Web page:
HQV Benchmark Discs Now In HD

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San Jose, Calif. — Precision video processing technology developer Silicon Optix said it has produced high-definition versions of its “HQV Benchmark DVD” in both the Blu-ray Disc and HD DVD formats.

The test discs, which are available now to consumers and display professionals, each carry $20 suggested retails, and can be purchased online at www.hqv.com. A standard-definition DVD version is also available at $20 each.

As a special offer to TWICE readers, Silicon Optix is offering a $5 discount on the purchase price of each HD disc when they input the following codes in the appropriate box on the order page: HQV4TWICEBR (Blu-ray); and HQV4TWICEHD (HD DVD).

A percentage of the proceeds of each sale will go the ELF Foundation, a non-profit organization that creates Room of Magic theaters at children’s hospitals and similar facilities across the country, Silicon Optix said.

The company is also looking for retail partners who would like to carry the discs to sell to their consumers and to use as demonstration material for HDTV demonstrations.

The company said “HD HQV Benchmark” discs were produced to “let anyone objectively evaluate the picture quality of high-definition products, including displays, HD DVD and Blu-ray players, A/V receivers and projectors,” the company said.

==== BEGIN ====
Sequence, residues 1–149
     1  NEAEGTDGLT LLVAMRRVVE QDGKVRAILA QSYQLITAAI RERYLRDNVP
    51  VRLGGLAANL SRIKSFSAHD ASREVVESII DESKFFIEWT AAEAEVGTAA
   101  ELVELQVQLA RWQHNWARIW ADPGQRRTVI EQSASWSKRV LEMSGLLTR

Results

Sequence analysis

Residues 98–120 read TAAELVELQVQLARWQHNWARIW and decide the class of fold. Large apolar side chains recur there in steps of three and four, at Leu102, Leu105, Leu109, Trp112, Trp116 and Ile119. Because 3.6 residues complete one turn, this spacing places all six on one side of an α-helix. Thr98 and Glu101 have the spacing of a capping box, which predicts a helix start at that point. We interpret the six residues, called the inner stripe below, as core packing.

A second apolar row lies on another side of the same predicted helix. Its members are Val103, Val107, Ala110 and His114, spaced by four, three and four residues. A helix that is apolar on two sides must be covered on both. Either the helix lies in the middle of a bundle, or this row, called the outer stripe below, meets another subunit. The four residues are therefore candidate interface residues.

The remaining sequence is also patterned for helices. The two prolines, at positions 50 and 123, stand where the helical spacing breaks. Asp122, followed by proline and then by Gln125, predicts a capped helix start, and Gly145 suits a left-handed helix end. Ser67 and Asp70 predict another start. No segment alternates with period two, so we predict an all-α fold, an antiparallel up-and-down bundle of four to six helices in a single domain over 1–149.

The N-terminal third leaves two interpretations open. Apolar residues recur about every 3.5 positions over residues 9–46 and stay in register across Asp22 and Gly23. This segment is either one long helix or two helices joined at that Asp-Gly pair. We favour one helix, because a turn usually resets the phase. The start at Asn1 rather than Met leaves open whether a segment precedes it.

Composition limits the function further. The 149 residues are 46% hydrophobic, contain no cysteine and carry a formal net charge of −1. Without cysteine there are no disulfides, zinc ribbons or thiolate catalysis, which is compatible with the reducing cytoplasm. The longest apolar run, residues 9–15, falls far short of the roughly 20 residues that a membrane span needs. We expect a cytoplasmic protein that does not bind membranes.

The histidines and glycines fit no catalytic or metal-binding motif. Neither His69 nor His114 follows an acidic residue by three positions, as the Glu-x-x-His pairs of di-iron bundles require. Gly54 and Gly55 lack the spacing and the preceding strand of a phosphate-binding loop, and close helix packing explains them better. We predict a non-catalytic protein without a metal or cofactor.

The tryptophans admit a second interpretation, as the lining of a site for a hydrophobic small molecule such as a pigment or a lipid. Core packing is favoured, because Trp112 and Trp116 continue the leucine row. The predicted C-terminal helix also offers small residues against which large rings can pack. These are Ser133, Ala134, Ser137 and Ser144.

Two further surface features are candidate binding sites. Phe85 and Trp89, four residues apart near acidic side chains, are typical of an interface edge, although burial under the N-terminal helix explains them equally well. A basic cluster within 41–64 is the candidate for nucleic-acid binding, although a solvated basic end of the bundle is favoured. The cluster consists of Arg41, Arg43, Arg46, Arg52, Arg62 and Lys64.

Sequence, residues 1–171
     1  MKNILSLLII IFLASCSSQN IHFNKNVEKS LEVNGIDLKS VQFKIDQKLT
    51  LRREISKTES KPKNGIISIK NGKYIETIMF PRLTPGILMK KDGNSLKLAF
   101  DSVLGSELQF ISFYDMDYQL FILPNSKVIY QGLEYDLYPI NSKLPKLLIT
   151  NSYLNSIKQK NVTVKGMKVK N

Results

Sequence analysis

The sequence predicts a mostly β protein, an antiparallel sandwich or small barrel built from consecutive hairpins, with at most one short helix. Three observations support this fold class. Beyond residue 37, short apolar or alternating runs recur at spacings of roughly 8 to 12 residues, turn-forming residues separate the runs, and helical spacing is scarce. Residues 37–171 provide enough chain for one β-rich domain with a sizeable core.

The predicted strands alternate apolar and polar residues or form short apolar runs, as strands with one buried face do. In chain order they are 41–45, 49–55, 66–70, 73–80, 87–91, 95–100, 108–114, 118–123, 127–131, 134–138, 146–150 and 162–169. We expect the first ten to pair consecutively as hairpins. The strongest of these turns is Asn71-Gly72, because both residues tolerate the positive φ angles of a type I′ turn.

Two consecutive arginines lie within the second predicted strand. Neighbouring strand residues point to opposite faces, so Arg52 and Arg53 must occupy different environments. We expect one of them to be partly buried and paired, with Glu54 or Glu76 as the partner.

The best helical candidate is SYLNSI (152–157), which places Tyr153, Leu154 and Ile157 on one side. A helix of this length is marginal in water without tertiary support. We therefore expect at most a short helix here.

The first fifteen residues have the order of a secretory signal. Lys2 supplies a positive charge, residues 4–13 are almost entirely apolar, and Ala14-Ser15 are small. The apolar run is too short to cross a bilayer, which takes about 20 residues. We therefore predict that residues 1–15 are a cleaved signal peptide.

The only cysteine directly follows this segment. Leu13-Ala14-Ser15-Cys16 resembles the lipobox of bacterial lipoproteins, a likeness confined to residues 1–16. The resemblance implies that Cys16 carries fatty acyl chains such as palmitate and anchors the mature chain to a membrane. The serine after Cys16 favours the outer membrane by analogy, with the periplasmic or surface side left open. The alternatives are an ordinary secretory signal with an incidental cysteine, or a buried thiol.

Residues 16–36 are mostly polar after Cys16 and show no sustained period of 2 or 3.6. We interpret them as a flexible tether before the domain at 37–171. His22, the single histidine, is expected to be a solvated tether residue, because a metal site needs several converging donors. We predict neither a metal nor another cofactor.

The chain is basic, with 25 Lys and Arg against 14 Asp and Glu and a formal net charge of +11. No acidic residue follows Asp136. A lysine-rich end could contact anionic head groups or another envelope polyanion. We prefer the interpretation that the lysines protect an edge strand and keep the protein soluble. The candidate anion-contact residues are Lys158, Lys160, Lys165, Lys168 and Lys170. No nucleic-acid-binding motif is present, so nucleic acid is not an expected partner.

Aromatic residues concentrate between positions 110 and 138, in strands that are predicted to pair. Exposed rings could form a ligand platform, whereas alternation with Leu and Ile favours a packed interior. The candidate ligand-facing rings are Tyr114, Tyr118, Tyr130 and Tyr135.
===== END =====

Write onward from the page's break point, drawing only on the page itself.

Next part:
“For the first time, consumers will be able to test the high-definition performance of their products to make sure they live up to the manufacturers’ claims,” stated Jordan Du Val, Silicon Optix’s marketing VP. “The HD HQV Benchmark is a perfect companion to our very successful standard-definition HQV Benchmark, which tests a product’s ability to up convert standard-definition material.”

The HD HQV Benchmark begins with an introduction, an overview of the tests and an explanation of how to use the included scorecard to assess any product like a pro.

The HD HQV Benchmark includes tests for noise, video resolution loss, “jaggies,” and film resolution loss — all recorded in 1080i video. The resolution test is used to determine if a player or display properly de-interlaces 1080i sources, the most common format for video-based content seen on broadcast and cable networks’ HD programming.

HQV video processing can be found in products from top tier manufacturers such as Toshiba, Mitsubishi, Denon, Onkyo, Samsung and Syntax.

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